In my life, I have lost many people, but none so close to me as my father. I thought I was prepared to say goodbye. I thought I’d had enough time ahead of the loss to be mentally ready to lose him.
I was wrong.
So very wrong.
When I was a child, I sat on my great-grandfather’s porch swing while he told me about his life and I wrote it all down. I wrote a ten-page paper for school documenting the highlights of his life. I got a perfect score and then I lost him months later. I’d kill for that document back. It’s been lost over the years. I don’t even remember what it said. I only barely remember what his face looked like and I only have one surviving photograph.
In my teens, my cousin who was two years older than me was killed. Some people said it was a suicide, others argue he couldn’t have done it himself. I don’t know either way since I was a child and I didn’t really understand. I remember crying in gym class at school because I didn’t understand why it happened to him. He had been my favorite male cousin since he didn’t treat me like a girl. I do not even have a picture of him.
In 2004, I lost my Grandma Margie to breast cancer. She was my favorite person alive at the time and my personal hero. Before she died, she got to meet two of my children, but they don’t really remember her. She taught me all of the things about life I needed to know. She taught me how to sew, cook, and clean. She taught me that you stand up for your family and what you believe in. She taught me that religion is much more than a church pew. And she taught me that even if you hate the president, you show respect for the position and the weight of the responsibilities that person has accepted. You don’t have to love everyone but you should never hate them. Hate is the ugliest word a person can say. She always encouraged me to write, explore, and grow.
I only have a few pictures of her and my memories of her have started to fade and disappear.
I went a little crazy after she died. I left my horrid boyfriend and got into a comparably worse relationship, toxic and violent. I began drinking and partying in all of my free time. I hid from my family and let myself become a victim.
It took three years for me to wake up and get out.
My Grandma Katie was next to go from my life. She was a sick woman, having endured multiple brain surgeries and ten years of doctors telling us she wouldn’t make it through the night. I remember so many hospital waiting rooms, gathered with the family, expecting her to die but she didn’t. She kept getting better. When she finally passed away, it was hard to believe it was real. I kept expecting a phone call that she was okay. She was the most resilient woman I ever met, having endured the hardest life imaginable and refusing to give in to it. I have a few pictures but not too many and only one that was taken before she got sick.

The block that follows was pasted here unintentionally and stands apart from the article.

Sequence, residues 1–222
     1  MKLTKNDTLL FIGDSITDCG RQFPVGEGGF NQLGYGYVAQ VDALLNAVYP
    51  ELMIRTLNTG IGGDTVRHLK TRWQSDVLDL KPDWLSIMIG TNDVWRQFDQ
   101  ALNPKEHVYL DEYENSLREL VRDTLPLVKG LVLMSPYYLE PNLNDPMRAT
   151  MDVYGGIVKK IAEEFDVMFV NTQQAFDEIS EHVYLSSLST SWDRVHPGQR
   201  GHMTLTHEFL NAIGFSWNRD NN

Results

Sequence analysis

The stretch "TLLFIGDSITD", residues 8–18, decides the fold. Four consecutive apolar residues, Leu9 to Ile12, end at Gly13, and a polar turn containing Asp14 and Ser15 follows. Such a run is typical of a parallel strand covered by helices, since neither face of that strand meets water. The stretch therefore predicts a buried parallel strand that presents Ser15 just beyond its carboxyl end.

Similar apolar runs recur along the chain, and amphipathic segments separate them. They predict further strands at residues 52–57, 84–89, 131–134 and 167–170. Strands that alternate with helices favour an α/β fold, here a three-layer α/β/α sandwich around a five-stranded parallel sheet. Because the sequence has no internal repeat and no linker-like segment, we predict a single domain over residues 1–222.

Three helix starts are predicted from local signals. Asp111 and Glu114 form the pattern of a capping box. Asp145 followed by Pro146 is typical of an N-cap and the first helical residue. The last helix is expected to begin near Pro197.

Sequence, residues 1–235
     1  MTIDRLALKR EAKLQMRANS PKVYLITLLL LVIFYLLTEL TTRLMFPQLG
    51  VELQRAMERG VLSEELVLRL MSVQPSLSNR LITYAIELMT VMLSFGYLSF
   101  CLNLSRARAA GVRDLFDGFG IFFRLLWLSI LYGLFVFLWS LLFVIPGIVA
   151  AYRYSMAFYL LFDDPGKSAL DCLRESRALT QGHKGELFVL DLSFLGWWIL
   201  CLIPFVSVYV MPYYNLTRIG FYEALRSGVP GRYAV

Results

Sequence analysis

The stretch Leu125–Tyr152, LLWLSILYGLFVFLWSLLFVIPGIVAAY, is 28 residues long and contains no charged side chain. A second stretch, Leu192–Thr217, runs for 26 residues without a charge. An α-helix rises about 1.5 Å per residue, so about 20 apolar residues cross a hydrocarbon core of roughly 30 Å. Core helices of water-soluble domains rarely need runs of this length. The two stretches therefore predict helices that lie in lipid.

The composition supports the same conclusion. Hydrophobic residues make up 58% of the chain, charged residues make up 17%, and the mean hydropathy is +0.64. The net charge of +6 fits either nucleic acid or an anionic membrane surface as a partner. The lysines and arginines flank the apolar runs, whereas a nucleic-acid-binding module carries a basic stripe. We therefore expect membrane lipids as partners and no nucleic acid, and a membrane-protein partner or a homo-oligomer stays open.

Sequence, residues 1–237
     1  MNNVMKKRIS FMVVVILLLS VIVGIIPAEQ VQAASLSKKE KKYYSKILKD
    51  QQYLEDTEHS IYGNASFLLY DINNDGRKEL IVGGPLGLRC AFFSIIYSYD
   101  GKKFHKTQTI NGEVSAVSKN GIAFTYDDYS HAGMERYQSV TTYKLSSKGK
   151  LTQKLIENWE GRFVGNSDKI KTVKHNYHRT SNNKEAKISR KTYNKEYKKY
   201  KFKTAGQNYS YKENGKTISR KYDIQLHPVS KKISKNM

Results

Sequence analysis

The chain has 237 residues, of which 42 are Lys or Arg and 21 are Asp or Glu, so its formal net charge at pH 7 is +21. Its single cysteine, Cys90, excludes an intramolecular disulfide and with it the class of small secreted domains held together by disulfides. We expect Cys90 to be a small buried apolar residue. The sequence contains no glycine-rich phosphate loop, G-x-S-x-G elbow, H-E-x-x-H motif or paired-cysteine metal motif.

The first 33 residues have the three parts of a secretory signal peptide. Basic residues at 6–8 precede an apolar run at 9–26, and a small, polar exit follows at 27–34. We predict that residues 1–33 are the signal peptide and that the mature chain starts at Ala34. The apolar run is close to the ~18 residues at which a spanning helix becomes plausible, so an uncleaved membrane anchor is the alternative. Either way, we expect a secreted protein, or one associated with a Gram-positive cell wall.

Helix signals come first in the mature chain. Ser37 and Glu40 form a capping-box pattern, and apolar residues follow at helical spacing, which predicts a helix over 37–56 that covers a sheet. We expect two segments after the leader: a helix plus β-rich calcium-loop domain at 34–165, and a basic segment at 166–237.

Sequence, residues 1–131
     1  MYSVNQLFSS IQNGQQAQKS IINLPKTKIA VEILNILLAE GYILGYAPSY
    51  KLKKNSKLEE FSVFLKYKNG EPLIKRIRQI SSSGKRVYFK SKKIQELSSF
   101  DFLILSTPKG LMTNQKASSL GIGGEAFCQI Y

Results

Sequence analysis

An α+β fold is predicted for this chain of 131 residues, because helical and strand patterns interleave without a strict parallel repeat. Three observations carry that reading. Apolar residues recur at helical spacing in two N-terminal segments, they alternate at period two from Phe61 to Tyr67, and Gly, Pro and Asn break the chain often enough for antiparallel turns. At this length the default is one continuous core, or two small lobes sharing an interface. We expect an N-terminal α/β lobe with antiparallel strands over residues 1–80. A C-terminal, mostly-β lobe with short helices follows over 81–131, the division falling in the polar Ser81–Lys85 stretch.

In 2020, as the pandemic was beginning, we were informed my father had stage 4 lung cancer and probably wouldn’t live long. I do not believe I grasped the severity of it. But, we got three years with him.
Three years, during which time I think we all started to believe he would last much longer. In the beginning, we spent a lot of time with him. As those three years moved, we spent less time with him. Every single day I would wake up and think about visiting but something always stood in the way. Money, school, and time. None of it matters anymore. It was never a good enough excuse to not get in the car and drive.
Lately, I’ve been collecting photographs of my father. I want pictures from his entire life because I am terrified I will forget him. When I shower, I listen to music I associate with him and I cry. Every single time. I wear his hat every day and I have a small collection of possessions my step-mother let me take when I left the last time.
It will never be enough.
I message his phone occasionally but I know that will be turned off and the number will go to someone else eventually. I dread the day someone tells me to stop messaging it.
I’m trying so hard to hold myself together, but sometimes it feels like I’m going to drown in the sorrow. It weighs more than I do and I cannot hold myself together against it.
But, I am not a quitter. I won’t give up. I just hold on to the knowledge that everyone tells me it will get easier. History has taught me the pain will fade. But sometimes I don’t want it to. I don’t want to forget him. Good and bad, I need those memories to know that he was real and that his life mattered.
Hopefully, in the near future, I can get back to my writing and regular entries on this blog. For now, dear readers, please understand that grief is keeping me from moving forward. I will get there, but you must be patient with me.
Until next time,
Cathy Marie Bown
Before my father died, I published a novel for him. It wasn’t specifically for him, but I have always told him that someday I would write a book and he would see my name on the cover. I was able to give him a copy of that book in November of last year. I am not a big fan of self-promotion and I’m pretty bad at it. But if you want to check out that book, you can find it here.